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Health Educ Res. 1998 Sep;13(3):419-38.

A meta-evaluation of smoking cessation intervention research among pregnant women: improving the science and art.

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Department of OB/GYN, Robert Wood Johnson Foundation Smoke-Free Families National Program Office, University of Alabama at Birmingham 35233-7333, USA.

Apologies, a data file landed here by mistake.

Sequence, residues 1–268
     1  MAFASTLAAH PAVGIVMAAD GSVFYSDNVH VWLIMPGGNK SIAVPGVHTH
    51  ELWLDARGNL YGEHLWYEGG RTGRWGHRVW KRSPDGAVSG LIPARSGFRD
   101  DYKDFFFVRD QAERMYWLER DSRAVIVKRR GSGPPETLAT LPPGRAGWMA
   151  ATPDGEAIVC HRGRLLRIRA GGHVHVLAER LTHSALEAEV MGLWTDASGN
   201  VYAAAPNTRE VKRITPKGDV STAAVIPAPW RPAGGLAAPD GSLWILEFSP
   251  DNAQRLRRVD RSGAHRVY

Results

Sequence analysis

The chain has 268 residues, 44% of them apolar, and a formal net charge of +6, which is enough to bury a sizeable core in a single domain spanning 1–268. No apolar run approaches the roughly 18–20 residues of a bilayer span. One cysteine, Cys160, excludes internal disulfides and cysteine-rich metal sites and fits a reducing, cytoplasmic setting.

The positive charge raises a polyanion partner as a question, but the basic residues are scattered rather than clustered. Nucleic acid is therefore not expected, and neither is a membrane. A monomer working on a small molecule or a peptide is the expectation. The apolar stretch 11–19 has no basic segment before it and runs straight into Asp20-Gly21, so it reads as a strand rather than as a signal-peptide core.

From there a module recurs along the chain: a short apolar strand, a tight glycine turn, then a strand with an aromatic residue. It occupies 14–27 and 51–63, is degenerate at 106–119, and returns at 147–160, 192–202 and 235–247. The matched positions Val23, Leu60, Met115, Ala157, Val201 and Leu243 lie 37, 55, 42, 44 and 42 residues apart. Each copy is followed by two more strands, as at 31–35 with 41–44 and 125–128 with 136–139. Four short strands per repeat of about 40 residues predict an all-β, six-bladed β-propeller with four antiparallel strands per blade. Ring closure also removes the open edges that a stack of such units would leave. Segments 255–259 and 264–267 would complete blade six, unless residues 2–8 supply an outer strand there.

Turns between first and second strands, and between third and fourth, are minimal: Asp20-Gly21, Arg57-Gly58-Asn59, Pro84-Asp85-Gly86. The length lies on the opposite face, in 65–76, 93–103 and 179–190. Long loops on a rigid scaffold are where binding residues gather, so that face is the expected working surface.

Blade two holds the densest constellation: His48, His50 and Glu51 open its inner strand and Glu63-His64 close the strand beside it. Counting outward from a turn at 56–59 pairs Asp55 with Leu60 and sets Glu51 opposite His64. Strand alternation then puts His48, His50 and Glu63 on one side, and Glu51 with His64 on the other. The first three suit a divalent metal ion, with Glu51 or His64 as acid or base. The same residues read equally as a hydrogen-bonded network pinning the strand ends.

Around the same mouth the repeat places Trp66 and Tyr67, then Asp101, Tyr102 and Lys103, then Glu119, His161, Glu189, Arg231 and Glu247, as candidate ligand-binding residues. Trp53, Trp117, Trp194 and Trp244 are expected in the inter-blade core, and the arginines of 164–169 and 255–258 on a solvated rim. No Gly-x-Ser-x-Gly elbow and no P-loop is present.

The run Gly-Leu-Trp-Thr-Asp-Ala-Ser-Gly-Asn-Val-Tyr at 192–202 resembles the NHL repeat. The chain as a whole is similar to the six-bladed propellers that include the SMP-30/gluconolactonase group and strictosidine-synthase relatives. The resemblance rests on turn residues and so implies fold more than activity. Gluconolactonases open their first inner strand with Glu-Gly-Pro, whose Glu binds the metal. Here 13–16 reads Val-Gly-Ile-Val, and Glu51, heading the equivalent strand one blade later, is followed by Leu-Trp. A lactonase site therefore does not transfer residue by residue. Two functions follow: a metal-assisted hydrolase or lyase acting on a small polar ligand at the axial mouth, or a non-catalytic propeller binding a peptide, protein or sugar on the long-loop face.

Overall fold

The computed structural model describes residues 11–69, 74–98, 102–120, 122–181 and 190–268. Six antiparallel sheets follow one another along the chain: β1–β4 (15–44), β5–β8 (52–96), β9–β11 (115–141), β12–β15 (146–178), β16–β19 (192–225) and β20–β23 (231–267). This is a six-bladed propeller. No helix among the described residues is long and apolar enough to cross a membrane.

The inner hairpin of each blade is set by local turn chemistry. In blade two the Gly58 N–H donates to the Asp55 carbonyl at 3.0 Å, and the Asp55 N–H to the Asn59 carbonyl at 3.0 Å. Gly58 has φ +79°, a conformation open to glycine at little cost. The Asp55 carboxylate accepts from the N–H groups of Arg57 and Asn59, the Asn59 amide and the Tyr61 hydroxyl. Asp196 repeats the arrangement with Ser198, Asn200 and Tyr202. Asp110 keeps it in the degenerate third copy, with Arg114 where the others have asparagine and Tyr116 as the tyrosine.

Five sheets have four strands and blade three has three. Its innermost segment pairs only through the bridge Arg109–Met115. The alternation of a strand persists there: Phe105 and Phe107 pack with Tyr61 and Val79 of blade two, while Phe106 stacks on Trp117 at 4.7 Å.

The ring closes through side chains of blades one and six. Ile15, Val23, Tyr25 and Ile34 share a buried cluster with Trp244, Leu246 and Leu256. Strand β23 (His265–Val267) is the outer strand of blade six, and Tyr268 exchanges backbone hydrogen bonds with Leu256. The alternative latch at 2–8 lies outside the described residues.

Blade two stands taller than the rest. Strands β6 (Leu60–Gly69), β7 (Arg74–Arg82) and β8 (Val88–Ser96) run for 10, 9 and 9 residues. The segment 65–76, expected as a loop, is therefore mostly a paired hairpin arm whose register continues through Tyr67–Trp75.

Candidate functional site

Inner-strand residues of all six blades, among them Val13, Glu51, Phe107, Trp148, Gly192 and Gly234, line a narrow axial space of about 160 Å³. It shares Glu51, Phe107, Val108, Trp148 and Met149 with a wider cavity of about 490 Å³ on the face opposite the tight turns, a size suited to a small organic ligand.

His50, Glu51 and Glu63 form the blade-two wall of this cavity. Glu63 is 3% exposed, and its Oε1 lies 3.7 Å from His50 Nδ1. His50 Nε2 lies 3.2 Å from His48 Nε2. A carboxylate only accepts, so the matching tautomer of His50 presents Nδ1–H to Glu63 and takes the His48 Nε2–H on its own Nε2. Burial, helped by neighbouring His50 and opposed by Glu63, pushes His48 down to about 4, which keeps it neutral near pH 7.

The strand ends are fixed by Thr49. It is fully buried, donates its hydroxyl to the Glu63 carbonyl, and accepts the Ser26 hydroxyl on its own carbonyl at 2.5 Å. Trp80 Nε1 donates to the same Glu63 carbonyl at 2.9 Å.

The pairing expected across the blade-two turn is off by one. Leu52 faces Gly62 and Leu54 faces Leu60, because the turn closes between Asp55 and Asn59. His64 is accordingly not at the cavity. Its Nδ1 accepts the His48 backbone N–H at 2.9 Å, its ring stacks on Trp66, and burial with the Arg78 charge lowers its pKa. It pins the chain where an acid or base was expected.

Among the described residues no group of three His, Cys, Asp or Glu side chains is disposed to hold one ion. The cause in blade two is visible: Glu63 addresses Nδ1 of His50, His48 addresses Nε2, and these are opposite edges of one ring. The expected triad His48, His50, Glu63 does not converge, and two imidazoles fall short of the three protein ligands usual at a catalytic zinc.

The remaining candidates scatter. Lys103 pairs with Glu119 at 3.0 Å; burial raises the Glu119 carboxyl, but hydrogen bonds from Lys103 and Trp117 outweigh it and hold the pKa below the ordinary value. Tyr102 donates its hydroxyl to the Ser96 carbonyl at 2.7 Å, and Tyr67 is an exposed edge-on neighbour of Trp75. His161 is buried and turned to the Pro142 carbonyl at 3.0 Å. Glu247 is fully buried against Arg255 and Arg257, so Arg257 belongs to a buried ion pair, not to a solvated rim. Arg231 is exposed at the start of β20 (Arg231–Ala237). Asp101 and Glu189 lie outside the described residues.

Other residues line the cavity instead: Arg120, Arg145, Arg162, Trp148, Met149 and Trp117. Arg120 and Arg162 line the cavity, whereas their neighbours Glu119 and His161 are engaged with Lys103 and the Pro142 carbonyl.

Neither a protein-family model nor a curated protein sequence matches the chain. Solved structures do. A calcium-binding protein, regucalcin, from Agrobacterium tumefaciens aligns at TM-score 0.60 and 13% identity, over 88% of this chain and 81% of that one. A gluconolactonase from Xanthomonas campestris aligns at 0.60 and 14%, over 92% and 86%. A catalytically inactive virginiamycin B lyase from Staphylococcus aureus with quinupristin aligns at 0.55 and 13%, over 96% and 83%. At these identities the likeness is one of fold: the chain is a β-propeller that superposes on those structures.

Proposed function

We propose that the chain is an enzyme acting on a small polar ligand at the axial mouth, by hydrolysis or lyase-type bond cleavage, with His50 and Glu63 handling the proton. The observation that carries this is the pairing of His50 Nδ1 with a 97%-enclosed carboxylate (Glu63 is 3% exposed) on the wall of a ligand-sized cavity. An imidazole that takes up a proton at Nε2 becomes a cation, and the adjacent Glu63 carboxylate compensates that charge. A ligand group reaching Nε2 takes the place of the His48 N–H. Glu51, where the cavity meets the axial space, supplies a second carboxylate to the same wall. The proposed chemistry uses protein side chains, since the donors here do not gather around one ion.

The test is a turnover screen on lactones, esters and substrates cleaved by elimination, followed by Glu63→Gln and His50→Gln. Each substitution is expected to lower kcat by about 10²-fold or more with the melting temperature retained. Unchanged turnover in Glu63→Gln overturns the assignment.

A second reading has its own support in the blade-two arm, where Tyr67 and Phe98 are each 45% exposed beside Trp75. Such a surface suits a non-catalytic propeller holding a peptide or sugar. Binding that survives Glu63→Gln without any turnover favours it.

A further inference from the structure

In 1986 Windsor and Orleans described guidelines and standards to evaluate the quality of smoking cessation intervention research among pregnant women. This paper presents a meta-evaluation (ME) of the evaluation research in this area from 1986 to 1998. ME is defined as a systematic review of experimental and quasi-experimental evaluation research using a standardized set of methodological criteria to rate the internal validity--efficacy or effectiveness--of intervention results. Five criteria were used to rate 23 smoking cessation intervention studies among pregnant smokers in prenatal care: (1) evaluation research design, (2) sample representativeness, sample size and power estimation, (3) population characteristics, (4) measurement quality, and (5) replicability of interventions. Eleven studies had sufficient methodological quality to produce results of high internal validity. Poor measurement of smoking status, patient selection biases and incorrect calculation of quit rates were the major methodological weakness. Recommendations for future evaluation research are made.

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